I made a huge mistake. Perhaps because I kicked Faith out of my room and subsequently got charged for destruction of property and simple assault. Or was it because I hauled ass right after she picked up her stuff and called the police. My true mistake was neither and neither do I regret turning myself in at the local precinct. It was the fact that I showed up too late in the day that I could literally kick myself for being ignorant and tardy.
In Wards 7 & 8, after the precinct locks you up, they wait until they accumulate a van full of detainees before you get transported across the river to the Downtown courthouse in Judiciary Square. The police department normally makes this trek twice a day – once at daybreak and once at midday. If you miss the earlier trip, you gotta just hold tight for the next ride, even if it means spending the night.
MPD doesn’t make special trips for any prisoner unless your name is Jane Fonda or Charlie Sheen. There is too much congestion on the Frederick Douglas Bridge, and I sure wasn’t gonna pony up for a flight on the air support unit aka “falcon.”
On Feb 15, 2016, I showed up at the Seventh District police department, colloquially called 7D, and the officer on watch informed me that there didn’t seem to be a warrant for my arrest.
So without hesitation, I walked out and no more than five minutes later, two police cruisers had pulled out in front of me on busy Alabama Ave, like I was Al Capone in a shootout. Sad to say, I was relieved to be finally arrested, and before I could be released had to face the music downtown.
By the time we arrived, it was too late to see the judge, so we had to spend the night at the J.W. Marriott maximum security prison aka “holding cell.”
“Should have turned me in first thing in the morning so I could get arraigned and released,” I reminded myself. The guy sitting next to me turned his head with an open gaze as if I was speaking Greek.
There’s no bail in DC so everyone (about 90% of us) except for the hard-core offenders gets to see the light of day. We all get to leave the Moultrie Courthouse like lost souls from the Game of Thrones.
I sat in my cell twiddling my thumbs, waiting for the booking process that seemed to stretch like infinity war. In prison, every hour seemed like a whole day. I could smell the putrid rank of urine and feces. How did people survive even a year here? As a rat scurried across my feet – my cellmate sat unfazed – I went batshit crazy, hoping he wouldn’t find the stash of Nutraloaf.
My cellmate was a born and bred criminal. He came in and out of jail like it was a revolving door and was an ole timer – shared endearing memories of the Lorton Reformatory in Laurel Hill, Virginia, like it was a paradise villa.
“I’ve been arrested so many times, I’ll put Lindsay Lohan to shame.”
“Damn. So how are conditions in the city prison?” I asked.
“There are rodents and mildew everywhere – the DC jail is so horrible that spending a year there is like spending 5 in Lorton.”
“Do the guards treat you well?”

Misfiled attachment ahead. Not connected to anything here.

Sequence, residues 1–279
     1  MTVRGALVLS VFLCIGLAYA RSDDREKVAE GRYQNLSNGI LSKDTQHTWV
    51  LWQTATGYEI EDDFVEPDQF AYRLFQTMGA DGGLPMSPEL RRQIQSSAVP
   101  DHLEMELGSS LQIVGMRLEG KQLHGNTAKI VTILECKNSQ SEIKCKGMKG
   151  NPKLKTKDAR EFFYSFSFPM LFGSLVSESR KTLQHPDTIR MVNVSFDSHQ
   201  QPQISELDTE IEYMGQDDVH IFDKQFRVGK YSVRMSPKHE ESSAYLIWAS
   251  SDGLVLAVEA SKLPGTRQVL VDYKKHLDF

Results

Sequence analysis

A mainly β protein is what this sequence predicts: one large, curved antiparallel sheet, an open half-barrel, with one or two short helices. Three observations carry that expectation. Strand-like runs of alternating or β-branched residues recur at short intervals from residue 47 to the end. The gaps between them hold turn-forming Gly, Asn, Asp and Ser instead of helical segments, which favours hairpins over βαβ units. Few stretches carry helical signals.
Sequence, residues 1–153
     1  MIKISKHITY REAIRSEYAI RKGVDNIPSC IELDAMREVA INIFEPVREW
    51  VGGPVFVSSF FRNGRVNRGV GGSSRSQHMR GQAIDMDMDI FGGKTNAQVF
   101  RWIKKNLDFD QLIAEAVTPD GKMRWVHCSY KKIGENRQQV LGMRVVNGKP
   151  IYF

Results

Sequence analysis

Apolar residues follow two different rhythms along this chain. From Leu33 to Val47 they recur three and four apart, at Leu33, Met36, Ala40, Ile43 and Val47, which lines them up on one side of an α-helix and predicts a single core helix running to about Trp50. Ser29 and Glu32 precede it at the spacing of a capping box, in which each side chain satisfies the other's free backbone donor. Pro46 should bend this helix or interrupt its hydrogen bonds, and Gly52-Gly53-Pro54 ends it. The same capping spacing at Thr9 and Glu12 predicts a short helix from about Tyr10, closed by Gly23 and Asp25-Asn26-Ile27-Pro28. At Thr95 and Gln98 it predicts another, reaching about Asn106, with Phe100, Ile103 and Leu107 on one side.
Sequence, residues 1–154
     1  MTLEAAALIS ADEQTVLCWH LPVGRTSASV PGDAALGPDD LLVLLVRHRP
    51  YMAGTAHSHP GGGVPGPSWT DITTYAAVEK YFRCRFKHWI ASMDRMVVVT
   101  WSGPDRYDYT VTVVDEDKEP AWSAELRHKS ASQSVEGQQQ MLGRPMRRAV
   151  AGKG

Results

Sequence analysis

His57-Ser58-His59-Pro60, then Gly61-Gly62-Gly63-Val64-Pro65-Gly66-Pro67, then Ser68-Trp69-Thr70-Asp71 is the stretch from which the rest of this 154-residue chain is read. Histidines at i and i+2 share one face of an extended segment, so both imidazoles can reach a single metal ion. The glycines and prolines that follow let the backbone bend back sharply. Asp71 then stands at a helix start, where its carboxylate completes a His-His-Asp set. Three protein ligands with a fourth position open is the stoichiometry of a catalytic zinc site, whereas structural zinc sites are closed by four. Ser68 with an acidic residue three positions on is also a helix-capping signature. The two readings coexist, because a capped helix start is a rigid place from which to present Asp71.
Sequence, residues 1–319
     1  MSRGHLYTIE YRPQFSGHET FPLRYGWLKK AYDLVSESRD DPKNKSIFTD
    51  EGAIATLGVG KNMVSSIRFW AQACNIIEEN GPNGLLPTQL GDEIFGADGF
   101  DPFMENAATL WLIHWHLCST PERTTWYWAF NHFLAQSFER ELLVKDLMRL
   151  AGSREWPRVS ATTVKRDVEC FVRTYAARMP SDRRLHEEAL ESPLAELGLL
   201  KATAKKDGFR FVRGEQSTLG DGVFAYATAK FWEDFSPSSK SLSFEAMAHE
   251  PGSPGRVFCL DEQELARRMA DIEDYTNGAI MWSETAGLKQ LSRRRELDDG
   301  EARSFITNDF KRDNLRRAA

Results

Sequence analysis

“Sh*t if you misbehave, they’ll shut the water off on you. Can’t flush, can’t wash your hands.”
I crinkled my nose in disgust, then it was time to get my glamour shot and fingerprinting putting dark ink in little squares, and then was rudely ushered back to my room.
It all started one evening when I returned to Lebaum Street with a prospective tenant who wanted to see the room in the basement. It was vacant since I was occupying the room only when I was in town. And I wanted to rent it out since Faith was not paying the rent for her room upstairs.
To my surprise, I found Faith lying on my bed in the basement watching TV and eating Cheetos, like this was her palace.
“What are you doing here?” I asked incredulously.
Faith looked up, rolled her eyes, and continued eating her snacks as if she had every right to be there.
“Get out of my room now!” I demanded.
Faith slowly started to get up but was a bit too measured to my liking. Since my guest was in a hurry to leave and I was her ride, I stepped in and offered a hand, grabbing her snacks from the coffee table and throwing it outside the room.
Next was the remote control. Faith resisted and I pulled it away from her flailing hands and threw it out.
“I have a guest – I don’t have time to wait on you!” I affirmed.
“I’m going to call the police,” she threatened.
“Fine, do whatever you want – just stay out of my room.”
Obviously, the prospective tenant lost all interest in moving in. She found the experience quite traumatic, and for me rather repulsive.
Meanwhile, Zahera texted me and informed me that the police showed up and wrote up a report.
Ok, I’m not worried. I didn’t do anything wrong. I didn’t ask Faith what had transpired – I figured it was best not to confront her.
Thankfully the following week was without incident until the police showed up at the house looking for me. The purpose wasn’t clear, but it didn’t take a rocket scientist to figure out that there was probably a warrant for my arrest.
* * *
And by the time I returned to my luxury suite, my cellmate was in deep slumber. I was surprised he fell asleep so quickly, but then I remembered he was a perennial prisoner – this was par for the course.
There was no bed. The metal frame was as hard as cast iron. I would have much rather slept on a concrete freeway in the middle of the Springfield mixing bowl. Thankfully cold steel didn’t attract bed bugs, but I still wouldn’t be getting a lick of sleep. Perhaps this inhumane treatment would de-incentivize people from committing crimes. Instead, it succeeds in dehumanizing inmates, so that they have no hope but to return.